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Beyoncé's 'Lemonade' and Information Resources

This guide supports further research into Beyoncé's literary, film, and history references in her visual album 'Lemonade.'

Pipilotti Rist

In a scene in Lemonade, Beyoncé is walking down what looks like a city street with a bat and smashes storefront windows and cars parked along the street. See articles below for comparisons of this particular scene in Lemonade and artist Pipilotti Rist's Ever Is Over All.

Video artist Pipilotti Rist's Ever Is Over All (1997)

 
Learn more: "Ever Is Over All" museum record, Museum of Modern Art.
 

Articles about directorial and artist references in Lemonade:

Is the new Beyoncé video a tribute to Pipilotti Rist? Phaidon.

Is Beyoncé's Windshield-Destroying Stroll in Lemonade Based on This '90s Art Film? by Mark Joseph Stern. Slate, April 25, 2016.

A Lot of People Are Comparing Beyoncé's 'Lemonade' to Terrence Malick by Sam Adams. Criticwire, April 24, 2016.

Watch: 7-Minute Video Essay Explores The Film Influences Behind Beyonce's 'Lemonade' by Will Ashton. Indiewire, April 27, 2016.

 

Daughters of the Dust by Julie Dash

DAUGHTERS OF THE DUST by Julie Dash

 

Daughters of the Dust Trailer from Floyd Webb on Vimeo.

DAUGHTERS OF THE DUST (1991) was written, directed, and produced by Julie Dash. It is the first feature-length film directed by an African American woman theatrically distributed in the U.S. DAUGHTERS OF THE DUST tells the story of three generations of Gullah women in the Peazant family on St. Helena Island in 1902 as they prepare to migrate north.

Note: Julie Dash spoke at Johns Hopkins Saturday, April 30th. See Trailblazing filmmaker Julie Dash to visit Johns Hopkins by Bret McCabe, April 27, 2016.

DAUGHTERS OF THE DUST is available for check out at Decker Library.


Relevant articles:

Our Dated Model of Theatrical Release Is Hurting Independent Cinema by Richard Brody. The New Yorker, April 16, 2016.

From this article:

Part of the blame lies with critics—predominantly white critics—who paid no attention. But part of the blame lies with a system of tacit complicity between critics and the industry that poses obstacles to the recognition of independent films.

... After ReRun closed, its place was briefly taken by the Made in NY Media Center by IFP, which has hosted a few theatrical releases but hasn’t done any lately. (Last year, they released “Field Niggas,” which was one of the best documentaries and certainly the most original one to be released last year. It’s directed by Khalik Allah, now one of the cinematographers of “Lemonade.”)


‘Daughters of the Dust,’ a Seeming Inspiration for ‘Lemonade,’ Is Restored by Mekado Murphy. The New York Times, April 27, 2016.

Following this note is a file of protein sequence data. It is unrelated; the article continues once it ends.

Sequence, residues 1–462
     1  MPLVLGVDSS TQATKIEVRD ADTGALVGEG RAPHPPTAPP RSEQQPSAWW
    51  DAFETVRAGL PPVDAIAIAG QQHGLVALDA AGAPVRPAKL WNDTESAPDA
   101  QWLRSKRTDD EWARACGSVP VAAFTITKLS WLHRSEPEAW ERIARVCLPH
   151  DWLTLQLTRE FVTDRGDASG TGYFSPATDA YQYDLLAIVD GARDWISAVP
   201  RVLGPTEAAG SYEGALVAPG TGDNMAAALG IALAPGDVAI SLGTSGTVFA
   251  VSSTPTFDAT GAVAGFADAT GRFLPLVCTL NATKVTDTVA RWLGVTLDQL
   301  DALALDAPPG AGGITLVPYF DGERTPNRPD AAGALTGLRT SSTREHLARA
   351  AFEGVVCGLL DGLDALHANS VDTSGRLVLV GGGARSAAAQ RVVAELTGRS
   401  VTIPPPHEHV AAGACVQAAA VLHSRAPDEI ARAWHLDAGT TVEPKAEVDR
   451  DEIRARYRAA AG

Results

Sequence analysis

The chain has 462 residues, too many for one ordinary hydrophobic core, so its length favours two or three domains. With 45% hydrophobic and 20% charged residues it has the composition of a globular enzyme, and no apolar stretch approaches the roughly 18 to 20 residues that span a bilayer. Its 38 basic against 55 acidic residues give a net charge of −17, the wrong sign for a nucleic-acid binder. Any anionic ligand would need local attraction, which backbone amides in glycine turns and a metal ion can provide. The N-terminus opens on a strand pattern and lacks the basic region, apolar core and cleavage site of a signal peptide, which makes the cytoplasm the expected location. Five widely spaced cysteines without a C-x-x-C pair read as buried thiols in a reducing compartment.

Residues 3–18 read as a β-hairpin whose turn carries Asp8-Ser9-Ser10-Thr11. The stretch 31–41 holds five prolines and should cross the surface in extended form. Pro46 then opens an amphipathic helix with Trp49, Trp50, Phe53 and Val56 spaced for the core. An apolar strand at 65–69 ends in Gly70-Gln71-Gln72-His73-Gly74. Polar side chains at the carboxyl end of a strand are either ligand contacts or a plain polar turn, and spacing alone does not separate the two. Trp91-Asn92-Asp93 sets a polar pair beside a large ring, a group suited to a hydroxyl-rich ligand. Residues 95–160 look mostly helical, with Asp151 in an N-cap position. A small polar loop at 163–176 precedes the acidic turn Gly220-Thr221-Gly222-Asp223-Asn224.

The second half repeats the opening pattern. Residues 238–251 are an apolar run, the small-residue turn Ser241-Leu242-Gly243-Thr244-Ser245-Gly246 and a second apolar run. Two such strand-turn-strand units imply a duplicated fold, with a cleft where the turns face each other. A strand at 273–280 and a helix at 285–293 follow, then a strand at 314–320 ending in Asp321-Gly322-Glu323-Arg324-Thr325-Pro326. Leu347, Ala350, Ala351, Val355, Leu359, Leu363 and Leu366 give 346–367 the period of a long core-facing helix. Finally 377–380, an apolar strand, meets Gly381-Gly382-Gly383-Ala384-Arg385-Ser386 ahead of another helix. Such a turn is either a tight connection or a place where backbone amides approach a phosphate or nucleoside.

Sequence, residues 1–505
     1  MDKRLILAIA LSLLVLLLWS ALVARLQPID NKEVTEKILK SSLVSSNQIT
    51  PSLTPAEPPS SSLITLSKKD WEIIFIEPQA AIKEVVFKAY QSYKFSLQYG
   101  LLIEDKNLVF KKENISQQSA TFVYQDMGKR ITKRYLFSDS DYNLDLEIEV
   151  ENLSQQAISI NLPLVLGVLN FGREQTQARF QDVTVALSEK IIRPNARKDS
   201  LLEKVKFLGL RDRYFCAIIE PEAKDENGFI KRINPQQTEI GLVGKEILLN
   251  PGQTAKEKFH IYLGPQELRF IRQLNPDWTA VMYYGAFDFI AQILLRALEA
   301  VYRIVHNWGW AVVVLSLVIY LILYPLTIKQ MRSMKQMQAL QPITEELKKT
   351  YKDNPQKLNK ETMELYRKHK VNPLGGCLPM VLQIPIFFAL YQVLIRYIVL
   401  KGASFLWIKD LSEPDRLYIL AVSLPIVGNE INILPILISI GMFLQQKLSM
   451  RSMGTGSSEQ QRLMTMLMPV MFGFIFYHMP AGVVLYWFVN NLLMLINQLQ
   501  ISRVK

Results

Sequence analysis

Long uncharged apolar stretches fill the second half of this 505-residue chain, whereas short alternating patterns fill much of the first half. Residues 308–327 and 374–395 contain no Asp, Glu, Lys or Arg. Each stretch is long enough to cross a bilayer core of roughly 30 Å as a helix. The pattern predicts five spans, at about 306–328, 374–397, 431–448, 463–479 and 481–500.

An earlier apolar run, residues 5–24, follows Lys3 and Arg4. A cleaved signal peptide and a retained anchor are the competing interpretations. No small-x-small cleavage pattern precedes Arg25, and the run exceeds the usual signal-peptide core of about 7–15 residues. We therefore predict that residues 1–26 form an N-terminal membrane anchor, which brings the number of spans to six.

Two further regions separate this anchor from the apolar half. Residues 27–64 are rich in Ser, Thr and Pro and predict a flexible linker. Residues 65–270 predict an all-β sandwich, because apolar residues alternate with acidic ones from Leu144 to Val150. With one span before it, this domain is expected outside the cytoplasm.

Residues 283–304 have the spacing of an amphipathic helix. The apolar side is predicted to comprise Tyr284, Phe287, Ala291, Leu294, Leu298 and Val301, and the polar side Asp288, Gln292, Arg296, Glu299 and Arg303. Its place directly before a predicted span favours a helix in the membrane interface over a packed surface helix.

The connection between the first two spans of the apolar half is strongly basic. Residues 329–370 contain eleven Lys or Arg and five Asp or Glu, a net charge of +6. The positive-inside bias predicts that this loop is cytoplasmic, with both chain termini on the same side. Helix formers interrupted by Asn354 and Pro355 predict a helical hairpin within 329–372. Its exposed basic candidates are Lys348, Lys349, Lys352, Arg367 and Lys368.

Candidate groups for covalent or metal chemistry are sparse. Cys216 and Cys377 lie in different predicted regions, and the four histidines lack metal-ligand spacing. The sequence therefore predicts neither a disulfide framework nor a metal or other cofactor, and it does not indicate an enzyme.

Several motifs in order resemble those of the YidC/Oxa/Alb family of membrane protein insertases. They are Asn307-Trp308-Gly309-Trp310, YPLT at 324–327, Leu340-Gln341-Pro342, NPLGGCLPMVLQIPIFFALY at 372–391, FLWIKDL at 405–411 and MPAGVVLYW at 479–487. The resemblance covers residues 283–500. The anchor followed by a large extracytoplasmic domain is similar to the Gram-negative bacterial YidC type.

From the article:

Now, the film, which is on DVD only in an out-of-print version, will get new life on the big screen.

The Cohen Film Collection, which maintains a library of classic films, announced on Wednesday that it has completed a digital restoration of “Daughters of the Dust” and plans to release that version theatrically this fall as part of the reopening of the New York art house venue the Quad Cinema. A national rollout and a new Blu-ray version of the film will follow.

Eve's Bayou by Kasi Lemmons

EVE'S BAYOU by Kasi Lemmons

 

Trailer from Nadine Schneider on Vimeo.

EVE'S BAYOU (1997) was by Kasi Lemmons' directorial debut. The story is set in Louisiana in 1962 and is about a family and the father's infidelity. 

EVE'S BAYOU is available for check out at Decker Library.

Art and Culture References


On the Yoruba People and Art (see also: Literary References):

Followers of the Yoruba Faith Reflect on the Impact of Beyoncé's 'Lemonade' by Amanda Alcantara. Remezcla. April 28, 2018.

 


On the choreography of Lemonade:

The Lemonade Ballet by Elizabeth Kiem. Medium. April 28, 2016.

Streaming Video

Streaming Videos Available Through Kanopy
If you are off-campus, Kanopy (one of our streaming video platforms) requires that you login with your MICA username and password, then create a Kanopy login. Questions? Contact us at refer@mica.edu.

Bury the Hatchet
"Bury the Hatchet is a portrait of three Mardi Gras Indian "Big Chiefs." These New Orleans men are the descendants of runaway slaves who were taken in by the Native Americans of the Louisiana bayous."
88 minutes; 2012; Filmmaker: Aaron C. Walker; English


Osun-Osogobo
"Host Bruce Feiler travels to Nigeria with a group of African American pilgrims who are attending an annual festival in honor of the Yoruba Goddess Osun as a way to reconnect with their cultural and spiritual roots."
55 minutes; 2014; Filmmaker: Leo Eaton; English

 

Decker Library at the Maryland Institute College of Art | Location: 1401 W. Mount Royal Ave., Baltimore, MD 21217 | Mailing: 1300 W. Mount Royal Ave., Baltimore, MD 21217

Research Help: 410-225-2273 / refer@mica.edu | General Questions: 410-225-2272 / circ@mica.edu

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